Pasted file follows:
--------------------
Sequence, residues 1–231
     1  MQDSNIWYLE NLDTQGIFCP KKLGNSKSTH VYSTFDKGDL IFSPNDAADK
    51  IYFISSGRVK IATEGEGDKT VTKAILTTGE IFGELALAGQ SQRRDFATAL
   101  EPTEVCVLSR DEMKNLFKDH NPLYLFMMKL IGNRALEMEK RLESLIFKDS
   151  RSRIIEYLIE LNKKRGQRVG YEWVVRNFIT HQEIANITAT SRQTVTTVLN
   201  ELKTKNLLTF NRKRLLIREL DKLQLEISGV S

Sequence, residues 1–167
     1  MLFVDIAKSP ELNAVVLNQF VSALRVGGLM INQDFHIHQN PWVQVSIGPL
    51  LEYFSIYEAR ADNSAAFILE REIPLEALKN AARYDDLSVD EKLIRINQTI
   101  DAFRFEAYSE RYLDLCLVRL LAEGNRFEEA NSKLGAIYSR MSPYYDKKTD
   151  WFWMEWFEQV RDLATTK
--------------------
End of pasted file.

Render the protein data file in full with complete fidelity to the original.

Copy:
Sequence, residues 1–231
     1  MQDSNIWYLE NLDTQGIFCP KKLGNSKSTH VYSTFDKGDL IFSPNDAADK
    51  IYFISSGRVK IATEGEGDKT VTKAILTTGE IFGELALAGQ SQRRDFATAL
   101  EPTEVCVLSR DEMKNLFKDH NPLYLFMMKL IGNRALEMEK RLESLIFKDS
   151  RSRIIEYLIE LNKKRGQRVG YEWVVRNFIT HQEIANITAT SRQTVTTVLN
   201  ELKTKNLLTF NRKRLLIREL DKLQLEISGV S

Sequence, residues 1–167
     1  MLFVDIAKSP ELNAVVLNQF VSALRVGGLM INQDFHIHQN PWVQVSIGPL
    51  LEYFSIYEAR ADNSAAFILE REIPLEALKN AARYDDLSVD EKLIRINQTI
   101  DAFRFEAYSE RYLDLCLVRL LAEGNRFEEA NSKLGAIYSR MSPYYDKKTD
   151  WFWMEWFEQV RDLATTK